- OTJR: Occupation, Participation and Health
- Summer 2012 - Volume 32 · Issue 3: 70-78
There are no guidelines in the obesity or occupational therapy literature to address how participation in occupations of everyday living should be maintained or improved for individuals with obesity. Achieving this goal requires an understanding of the factors associated with participation in daily living activities for this group. To address this, the authors administered a cross-sectional survey that included the World Health Organization Disability Assessment Schedule, the Impact of Weight on Quality of Life-Lite, the Medical Outcomes Survey Social Support Survey, and the satisfaction with participation scale to 140 adults with a mean body mass index of 48.5 kg/m2. Multivariate regression analysis resulted in a model containing social support and disability status, which predicted 35% of the variance in satisfaction with participation. Disability status was the strongest predictor of satisfaction with participation and, therefore, interventions that aim to reduce the disability experienced by individuals with obesity have the potential to affect participation in everyday activities.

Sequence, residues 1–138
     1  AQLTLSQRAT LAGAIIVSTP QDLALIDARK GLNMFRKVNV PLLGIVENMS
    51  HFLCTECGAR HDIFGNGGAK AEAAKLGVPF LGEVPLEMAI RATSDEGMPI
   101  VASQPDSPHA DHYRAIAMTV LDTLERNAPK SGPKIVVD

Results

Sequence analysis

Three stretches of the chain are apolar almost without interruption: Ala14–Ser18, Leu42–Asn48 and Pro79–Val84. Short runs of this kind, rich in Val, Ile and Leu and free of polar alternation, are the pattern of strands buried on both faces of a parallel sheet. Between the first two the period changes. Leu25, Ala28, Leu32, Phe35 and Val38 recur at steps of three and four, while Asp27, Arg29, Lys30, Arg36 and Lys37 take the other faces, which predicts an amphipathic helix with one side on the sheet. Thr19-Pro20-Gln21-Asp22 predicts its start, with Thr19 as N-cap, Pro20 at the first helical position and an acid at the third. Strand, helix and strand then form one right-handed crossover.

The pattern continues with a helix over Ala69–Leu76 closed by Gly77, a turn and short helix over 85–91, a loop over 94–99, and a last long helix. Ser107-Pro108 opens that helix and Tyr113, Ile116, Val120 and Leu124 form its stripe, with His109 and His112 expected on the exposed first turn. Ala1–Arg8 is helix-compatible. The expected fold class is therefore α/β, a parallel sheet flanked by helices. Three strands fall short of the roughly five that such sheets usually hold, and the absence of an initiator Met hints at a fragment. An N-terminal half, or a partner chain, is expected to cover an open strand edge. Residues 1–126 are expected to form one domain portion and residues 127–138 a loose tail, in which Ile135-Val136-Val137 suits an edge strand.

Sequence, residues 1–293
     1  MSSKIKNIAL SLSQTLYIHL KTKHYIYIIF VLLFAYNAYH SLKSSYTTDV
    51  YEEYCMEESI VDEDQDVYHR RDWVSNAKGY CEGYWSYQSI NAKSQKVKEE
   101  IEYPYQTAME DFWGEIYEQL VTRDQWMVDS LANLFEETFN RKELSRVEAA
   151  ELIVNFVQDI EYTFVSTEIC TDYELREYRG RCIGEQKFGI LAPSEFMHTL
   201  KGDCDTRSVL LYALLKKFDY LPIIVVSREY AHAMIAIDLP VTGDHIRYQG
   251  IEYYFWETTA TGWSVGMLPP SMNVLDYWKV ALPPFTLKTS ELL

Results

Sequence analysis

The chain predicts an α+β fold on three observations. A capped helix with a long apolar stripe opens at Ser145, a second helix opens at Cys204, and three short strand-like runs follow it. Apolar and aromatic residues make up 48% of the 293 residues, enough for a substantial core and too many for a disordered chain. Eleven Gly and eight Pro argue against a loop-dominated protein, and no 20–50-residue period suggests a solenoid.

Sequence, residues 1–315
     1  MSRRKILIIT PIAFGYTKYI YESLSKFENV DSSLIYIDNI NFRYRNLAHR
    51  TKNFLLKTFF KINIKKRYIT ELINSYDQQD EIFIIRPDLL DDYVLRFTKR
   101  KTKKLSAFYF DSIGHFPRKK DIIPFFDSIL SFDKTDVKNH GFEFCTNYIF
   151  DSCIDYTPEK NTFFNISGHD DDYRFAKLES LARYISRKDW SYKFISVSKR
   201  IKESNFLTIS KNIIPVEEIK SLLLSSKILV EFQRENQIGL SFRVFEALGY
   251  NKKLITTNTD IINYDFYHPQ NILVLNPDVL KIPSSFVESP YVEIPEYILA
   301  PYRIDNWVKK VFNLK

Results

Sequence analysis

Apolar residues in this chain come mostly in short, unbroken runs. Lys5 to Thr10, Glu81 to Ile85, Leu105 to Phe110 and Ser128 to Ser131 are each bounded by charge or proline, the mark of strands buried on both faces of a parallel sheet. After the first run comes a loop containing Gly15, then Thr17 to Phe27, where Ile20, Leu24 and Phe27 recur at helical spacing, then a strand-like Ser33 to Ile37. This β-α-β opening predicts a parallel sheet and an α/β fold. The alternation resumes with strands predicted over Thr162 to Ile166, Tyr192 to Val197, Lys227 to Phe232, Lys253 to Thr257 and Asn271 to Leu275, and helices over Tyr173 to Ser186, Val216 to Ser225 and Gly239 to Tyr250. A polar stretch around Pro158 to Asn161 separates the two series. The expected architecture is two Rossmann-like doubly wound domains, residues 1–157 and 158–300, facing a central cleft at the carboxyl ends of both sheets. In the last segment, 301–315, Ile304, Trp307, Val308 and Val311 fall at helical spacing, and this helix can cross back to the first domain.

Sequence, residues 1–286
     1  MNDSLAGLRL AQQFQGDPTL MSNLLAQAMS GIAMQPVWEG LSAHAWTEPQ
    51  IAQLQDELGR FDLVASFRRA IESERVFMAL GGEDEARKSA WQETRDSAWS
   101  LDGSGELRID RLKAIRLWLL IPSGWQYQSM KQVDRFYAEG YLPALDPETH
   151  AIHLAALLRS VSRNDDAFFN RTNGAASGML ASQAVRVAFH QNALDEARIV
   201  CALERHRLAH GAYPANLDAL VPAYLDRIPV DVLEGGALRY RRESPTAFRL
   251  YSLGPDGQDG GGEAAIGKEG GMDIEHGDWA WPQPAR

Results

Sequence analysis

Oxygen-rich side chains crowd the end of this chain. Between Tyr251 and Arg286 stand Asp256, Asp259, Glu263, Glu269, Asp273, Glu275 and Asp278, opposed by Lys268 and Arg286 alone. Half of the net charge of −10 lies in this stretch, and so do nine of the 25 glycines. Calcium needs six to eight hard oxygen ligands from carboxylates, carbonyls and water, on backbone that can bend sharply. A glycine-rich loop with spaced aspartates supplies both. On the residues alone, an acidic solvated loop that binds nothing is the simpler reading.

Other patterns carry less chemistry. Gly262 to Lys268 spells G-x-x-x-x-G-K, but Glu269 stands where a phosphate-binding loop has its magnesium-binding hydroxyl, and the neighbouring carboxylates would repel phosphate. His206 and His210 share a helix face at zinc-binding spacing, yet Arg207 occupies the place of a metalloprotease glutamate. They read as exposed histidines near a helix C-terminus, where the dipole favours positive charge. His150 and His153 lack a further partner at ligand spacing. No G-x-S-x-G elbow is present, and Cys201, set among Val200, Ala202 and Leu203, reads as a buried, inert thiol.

Mary A. Forhan, PhD, OT Reg (Ontario), is Assistant Clinical Professor, Mary C. Law, PhD, FCAOT, FCAHS, OT Reg (Ontario), is Associate Professor, and Brenda H. Vrkljan, PhD, OT Reg (Ontario), is Associate Professor, McMaster University, Faculty of Health Sciences, School of Rehabilitation Science, Hamilton, Ontario, Canada. Valerie H. Taylor, MD, PhD, is Psychiatrist-in-Chief, Women’s College Hospital, and Association Professor, University of Toronto, Toronto, Ontario, Canada.
The authors have no financial or proprietary interest in the materials presented herein.
This manuscript was accepted under the editorship of Jane Case-Smith, EdD, OTR/L, FAOTA.
Address correspondence to Mary Forhan at firstname.lastname@example.org
Received: May 10, 2011
Accepted: September 17, 2011
Posted Online: November 04, 2011